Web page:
|Title:||Human insulin therapy is associated with an increased risk of lung cancer: A population-based retrospective cohort study||Authors:||CHIN-HSIAO TSENG||Keywords:||Insulin | Lung cancer | Retrospective cohort study | Taiwan | Type 2 diabetes mellitus||Issue Date:||1-Jan-2019||Journal Volume:||10||Journal Issue:||JULY||Source:||Frontiers in Endocrinology||Abstract:||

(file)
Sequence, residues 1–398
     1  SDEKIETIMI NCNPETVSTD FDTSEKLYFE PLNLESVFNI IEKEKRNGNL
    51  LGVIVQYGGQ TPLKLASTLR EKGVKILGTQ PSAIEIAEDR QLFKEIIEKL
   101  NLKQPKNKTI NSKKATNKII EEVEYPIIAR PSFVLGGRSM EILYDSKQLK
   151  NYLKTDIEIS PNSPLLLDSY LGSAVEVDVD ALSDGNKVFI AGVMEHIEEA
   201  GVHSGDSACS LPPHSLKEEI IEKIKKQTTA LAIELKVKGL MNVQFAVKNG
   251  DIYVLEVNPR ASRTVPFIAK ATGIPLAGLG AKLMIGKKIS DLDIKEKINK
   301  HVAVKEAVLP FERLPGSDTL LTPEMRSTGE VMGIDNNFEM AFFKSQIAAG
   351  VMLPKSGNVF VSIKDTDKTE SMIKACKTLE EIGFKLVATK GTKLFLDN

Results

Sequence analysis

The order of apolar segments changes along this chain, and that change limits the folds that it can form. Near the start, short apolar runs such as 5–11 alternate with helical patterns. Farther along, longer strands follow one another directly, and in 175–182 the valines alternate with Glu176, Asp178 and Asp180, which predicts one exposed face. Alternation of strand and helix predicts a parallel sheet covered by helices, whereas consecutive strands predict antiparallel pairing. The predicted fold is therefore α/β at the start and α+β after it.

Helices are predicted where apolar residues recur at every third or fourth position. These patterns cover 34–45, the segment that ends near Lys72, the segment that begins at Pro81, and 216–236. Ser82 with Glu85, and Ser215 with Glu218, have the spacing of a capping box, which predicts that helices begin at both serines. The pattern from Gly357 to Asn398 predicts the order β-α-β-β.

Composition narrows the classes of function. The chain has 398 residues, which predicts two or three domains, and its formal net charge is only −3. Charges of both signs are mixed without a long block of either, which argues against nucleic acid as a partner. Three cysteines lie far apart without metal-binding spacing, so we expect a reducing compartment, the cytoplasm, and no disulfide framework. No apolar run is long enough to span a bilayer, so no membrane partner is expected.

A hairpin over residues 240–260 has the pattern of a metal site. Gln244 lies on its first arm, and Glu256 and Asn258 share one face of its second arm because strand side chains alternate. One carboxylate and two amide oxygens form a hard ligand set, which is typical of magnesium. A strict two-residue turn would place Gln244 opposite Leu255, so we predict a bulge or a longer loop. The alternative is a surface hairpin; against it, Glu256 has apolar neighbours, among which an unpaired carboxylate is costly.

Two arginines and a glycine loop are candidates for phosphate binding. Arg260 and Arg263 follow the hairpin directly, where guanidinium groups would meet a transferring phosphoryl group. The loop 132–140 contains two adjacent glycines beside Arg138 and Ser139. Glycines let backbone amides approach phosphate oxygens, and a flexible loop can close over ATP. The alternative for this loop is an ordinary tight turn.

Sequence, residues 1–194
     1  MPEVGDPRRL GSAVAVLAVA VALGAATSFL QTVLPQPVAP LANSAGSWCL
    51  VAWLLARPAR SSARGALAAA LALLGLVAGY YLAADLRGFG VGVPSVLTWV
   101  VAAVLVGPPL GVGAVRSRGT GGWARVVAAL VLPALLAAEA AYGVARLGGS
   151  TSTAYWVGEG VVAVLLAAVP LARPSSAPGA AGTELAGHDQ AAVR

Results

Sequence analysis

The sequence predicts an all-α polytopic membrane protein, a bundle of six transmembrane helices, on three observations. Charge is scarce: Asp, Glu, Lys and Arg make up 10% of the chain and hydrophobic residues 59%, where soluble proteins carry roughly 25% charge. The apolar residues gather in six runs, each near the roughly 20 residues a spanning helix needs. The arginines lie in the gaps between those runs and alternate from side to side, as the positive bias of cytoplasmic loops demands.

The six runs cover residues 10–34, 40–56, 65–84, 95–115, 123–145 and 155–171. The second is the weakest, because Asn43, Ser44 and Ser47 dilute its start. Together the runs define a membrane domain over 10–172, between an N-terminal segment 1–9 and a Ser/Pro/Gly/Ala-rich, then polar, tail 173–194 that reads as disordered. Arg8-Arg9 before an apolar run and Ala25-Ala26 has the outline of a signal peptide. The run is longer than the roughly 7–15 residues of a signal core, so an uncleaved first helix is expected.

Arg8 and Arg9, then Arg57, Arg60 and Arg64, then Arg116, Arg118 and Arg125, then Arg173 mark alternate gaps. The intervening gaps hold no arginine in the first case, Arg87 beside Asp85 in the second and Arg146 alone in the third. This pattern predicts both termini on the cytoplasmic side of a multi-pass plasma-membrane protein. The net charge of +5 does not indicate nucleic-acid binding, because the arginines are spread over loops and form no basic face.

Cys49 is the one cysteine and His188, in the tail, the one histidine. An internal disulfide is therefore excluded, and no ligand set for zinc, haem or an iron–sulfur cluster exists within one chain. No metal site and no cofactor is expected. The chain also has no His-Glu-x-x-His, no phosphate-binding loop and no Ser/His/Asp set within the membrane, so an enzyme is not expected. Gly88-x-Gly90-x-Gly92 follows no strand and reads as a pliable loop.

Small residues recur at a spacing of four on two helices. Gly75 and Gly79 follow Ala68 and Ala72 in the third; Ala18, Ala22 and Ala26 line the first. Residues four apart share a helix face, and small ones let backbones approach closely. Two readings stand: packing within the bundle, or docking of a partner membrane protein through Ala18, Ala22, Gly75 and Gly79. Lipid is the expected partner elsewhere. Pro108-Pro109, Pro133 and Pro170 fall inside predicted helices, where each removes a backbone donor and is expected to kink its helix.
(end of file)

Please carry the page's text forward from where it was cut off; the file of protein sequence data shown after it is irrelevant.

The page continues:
Copyright © 2019 Tseng. This is an open-access article distributed under the terms of the Creative Commons Attribution License (CC BY). The use, distribution or reproduction in other forums is permitted, provided the original author(s) and the copyright owner(s) are credited and that the original publication in this journal is cited, in accordance with accepted academic practice. No use, distribution or reproduction is permitted which does not comply with these terms. Background: Whether human insulin may affect lung cancer risk requires investigation. Methods: All patients with a diagnosis of diabetes mellitus from 1996 to 2009 were enrolled from Taiwan’s National Health Insurance. An entry date was set on January 1, 2004, and 1,007,617 patients with type 2 diabetes mellitus diagnosed before 2004 were followed up for new-onset lung cancer until December 31, 2009. Incidence rates of lung cancer for never-users, ever-users, and tertiles of three dose-response exposure parameters (i.e., time since starting insulin, cumulative dose, and cumulative duration) were calculated. Adjusted hazard ratios were estimated by Cox proportional hazards models. The joint effect of insulin and chronic obstructive pulmonary disease was also evaluated. Results: There were 156,720 ever-users and 850,897 never-users. The respective case numbers of incident lung cancer were 3,007 (1.92%) and 13,677 (1.61%), and the respective incidence rates were 424.45 and 313.60 per 100,000 person-years. The adjusted hazard ratio comparing ever-users vs. never-users was 1.545 (95% confidence interval: 1.478–1.614). The hazard ratios for the different subgroups of the three dose–response parameters all suggested a significantly higher risk of lung cancer associated with insulin use (P trend < 0.0001). Compared to patients without insulin use and without chronic obstructive pulmonary disease, insulin users who also had chronic obstructive pulmonary disease had the highest risk of lung cancer (adjusted hazard ratio: 1.891, 95% confidence interval: 1.767–2.024). Conclusions: This study suggests a significant association between human insulin use and lung cancer risk in patients with type 2 diabetes mellitus.
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